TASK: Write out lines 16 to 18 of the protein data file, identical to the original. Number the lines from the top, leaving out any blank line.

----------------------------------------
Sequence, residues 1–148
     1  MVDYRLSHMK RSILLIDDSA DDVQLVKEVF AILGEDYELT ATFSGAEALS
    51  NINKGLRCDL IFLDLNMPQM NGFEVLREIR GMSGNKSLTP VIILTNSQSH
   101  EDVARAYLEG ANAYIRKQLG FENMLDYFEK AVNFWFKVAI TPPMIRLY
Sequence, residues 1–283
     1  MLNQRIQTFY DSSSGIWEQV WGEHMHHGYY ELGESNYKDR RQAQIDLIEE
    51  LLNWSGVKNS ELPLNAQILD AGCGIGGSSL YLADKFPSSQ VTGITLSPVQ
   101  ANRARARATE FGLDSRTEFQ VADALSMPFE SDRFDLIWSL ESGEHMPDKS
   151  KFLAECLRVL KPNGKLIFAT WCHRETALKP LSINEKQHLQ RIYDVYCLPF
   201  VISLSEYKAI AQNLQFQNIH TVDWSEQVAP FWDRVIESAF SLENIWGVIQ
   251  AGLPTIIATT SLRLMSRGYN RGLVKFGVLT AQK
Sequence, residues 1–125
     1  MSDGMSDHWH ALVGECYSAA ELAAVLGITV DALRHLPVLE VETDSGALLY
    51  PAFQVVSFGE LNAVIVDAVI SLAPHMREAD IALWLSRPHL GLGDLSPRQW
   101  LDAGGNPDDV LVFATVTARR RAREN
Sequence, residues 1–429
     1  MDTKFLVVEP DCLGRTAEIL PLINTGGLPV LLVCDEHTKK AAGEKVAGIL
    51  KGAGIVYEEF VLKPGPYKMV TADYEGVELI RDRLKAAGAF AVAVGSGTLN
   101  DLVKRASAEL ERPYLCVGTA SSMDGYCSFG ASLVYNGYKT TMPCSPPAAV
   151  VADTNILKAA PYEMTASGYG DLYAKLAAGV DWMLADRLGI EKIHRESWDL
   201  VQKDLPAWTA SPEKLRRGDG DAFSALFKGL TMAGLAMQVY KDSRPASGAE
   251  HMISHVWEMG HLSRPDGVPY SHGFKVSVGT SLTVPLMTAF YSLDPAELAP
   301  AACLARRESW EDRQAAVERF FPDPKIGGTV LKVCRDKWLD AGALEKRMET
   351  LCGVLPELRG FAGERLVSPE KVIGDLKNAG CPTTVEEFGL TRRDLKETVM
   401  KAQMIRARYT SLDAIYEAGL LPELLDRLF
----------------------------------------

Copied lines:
Sequence, residues 1–429
     1  MDTKFLVVEP DCLGRTAEIL PLINTGGLPV LLVCDEHTKK AAGEKVAGIL
    51  KGAGIVYEEF VLKPGPYKMV TADYEGVELI RDRLKAAGAF AVAVGSGTLN